Towards a European Supply Chain Law

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In spring 2021, the European Commission plans to table a legislative proposal on due diligence requirements to protect human rights and the environment in the supply chain. The European Parliament and Council welcome these plans. The success of a European supply chain law will strongly depend on its concrete design: The due diligence requirements to be met must be proportionate and feasible for companies to implement in daily practice.

The Legal Affairs Committee of the European Parliament is currently debating the future form of corporate due diligence and accountability obligations and is calling on the European Commission to submit a corresponding proposal for a Directive. Overall, the Committee’s draft report forests out very extensive due diligence obligations and goes far beyond the obligations for companies currently being debated at national level. In future, for example, not only risks to human rights are to be examined, but also environmental and good governance risks. In addition, parent companies based in the EU are also to be held liable in courts of EU member states for damages caused by their business partners or subsidiaries in third countries. The question whether companies will even be able to monitor and meet the planned requirements, does not seem to be of great importance to some MEPs.

Preparations for a European supply chain law are moving forward 

As part of its preparations for the official draft Directive scheduled for spring 2021, the European Commission will also consider the report submitted by the Parliament. Meanwhile, it remains to be seen what exactly the Commission's legislative text will cover. EU Justice Commissioner Didier Reynders has already announced several times that he will propose cross-sectoral rules that would oblige companies to comply with human rights and environmental standards in their supply chains. Clear enforcement mechanisms and a system of sanctions would also have to ensure that the standards are met . The approach is based on a study commissioned by the Commission on due diligence in the supply chain. This study shows a clear preference for tightening up the existing rules. Results showed that only one in three EU companies carefully reviews its global supply chains in terms of human rights and environmental impacts. In view of the announced initiative, the Commission's public consultation will run until early February 2021. The results of the consultation, which complement the findings of the aforementioned study, will then be incorporated into the Commission's legislative proposal. Similarly, the EU member states agree that a European legal framework should regulate corporate due diligence along global supply chains. In early December 2020, they unanimously adopted European Council conclusions on this matter.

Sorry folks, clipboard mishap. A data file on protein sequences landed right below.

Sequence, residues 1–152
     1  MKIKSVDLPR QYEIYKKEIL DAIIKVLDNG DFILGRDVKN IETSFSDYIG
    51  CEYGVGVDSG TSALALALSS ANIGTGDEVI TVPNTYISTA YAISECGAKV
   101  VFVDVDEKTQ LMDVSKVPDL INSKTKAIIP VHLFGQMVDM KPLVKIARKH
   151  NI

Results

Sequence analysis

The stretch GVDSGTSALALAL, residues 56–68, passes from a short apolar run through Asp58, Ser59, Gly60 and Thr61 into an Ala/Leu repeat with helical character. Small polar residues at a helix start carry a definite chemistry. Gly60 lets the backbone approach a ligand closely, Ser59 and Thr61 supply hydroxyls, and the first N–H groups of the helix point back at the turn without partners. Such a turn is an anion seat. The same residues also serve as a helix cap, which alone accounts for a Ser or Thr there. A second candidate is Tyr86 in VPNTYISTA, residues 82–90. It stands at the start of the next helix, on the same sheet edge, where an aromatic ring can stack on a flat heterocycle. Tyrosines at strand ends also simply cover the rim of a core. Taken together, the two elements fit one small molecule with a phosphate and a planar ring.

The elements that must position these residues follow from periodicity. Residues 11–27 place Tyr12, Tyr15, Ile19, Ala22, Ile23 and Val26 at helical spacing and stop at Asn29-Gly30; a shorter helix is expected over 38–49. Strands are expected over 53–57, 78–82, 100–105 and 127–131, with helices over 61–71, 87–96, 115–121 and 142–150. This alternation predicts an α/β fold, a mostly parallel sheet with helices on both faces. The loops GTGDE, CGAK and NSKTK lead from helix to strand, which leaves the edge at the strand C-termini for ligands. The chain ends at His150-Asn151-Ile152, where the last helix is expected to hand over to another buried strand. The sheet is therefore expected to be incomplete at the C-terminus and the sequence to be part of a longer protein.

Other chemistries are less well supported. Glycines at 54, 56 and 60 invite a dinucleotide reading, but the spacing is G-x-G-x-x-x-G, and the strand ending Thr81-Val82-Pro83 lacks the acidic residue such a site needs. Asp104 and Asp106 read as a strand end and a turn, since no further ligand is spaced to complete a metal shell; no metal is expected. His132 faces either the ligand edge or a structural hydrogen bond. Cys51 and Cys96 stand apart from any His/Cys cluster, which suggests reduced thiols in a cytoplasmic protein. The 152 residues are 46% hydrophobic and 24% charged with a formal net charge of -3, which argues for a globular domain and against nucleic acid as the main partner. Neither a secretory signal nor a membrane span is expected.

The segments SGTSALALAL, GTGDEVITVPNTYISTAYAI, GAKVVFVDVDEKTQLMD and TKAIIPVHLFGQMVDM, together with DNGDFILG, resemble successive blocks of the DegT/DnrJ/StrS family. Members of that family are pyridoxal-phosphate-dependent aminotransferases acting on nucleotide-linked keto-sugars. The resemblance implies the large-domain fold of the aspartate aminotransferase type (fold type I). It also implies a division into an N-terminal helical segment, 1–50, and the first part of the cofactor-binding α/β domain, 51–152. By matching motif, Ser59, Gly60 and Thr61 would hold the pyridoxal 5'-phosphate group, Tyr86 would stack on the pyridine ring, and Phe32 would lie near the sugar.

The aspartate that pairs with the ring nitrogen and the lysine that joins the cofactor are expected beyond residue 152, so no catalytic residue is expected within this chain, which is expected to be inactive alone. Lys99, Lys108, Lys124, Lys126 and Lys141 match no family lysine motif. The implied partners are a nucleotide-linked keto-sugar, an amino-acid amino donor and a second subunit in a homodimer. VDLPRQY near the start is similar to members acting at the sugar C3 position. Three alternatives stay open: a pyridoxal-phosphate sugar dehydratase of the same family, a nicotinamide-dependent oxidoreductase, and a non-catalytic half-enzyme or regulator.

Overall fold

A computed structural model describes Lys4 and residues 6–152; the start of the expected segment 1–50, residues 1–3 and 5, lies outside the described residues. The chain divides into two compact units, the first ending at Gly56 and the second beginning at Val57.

Companies prefer a uniform European solution to national special paths 

Companies prefer a European solution to national special paths. Particularly when it comes to global business, a uniform solution is needed to prevent distortions of competition in the European Single Market and reduce the existing complexity of hybrid regulatory mechanisms. But even with a European solution in mind, it is important to recognise the complexities and limitations of legislative measures. Even European regulation should not be overestimated in its impact on effective human rights protection on the ground. The enforcement of human rights is a sovereign task. European companies can make an important contribution to this with their involvement in developing and emerging countries - but they cannot shoulder it alone. National governments are responsible for enforcing human rights in their countries. Therefore, the framework should focus on the impact on the EU's partner countries and regions, as well as on feasibility. 

Businesses need workable frameworks 

The question  whether a European supply chain law is coming is no longer up for discussion. The task now will be to create practicable and SME-friendly framework conditions for internationally active companies. A statutory catalogue of criteria must clearly define what companies have to do in concrete terms as part of their due diligence obligations. Otherwise, there is a risk of withdrawal from countries in which European companies are already operating and thereby contributing to higher standards, better education and thus to local growth and prosperity.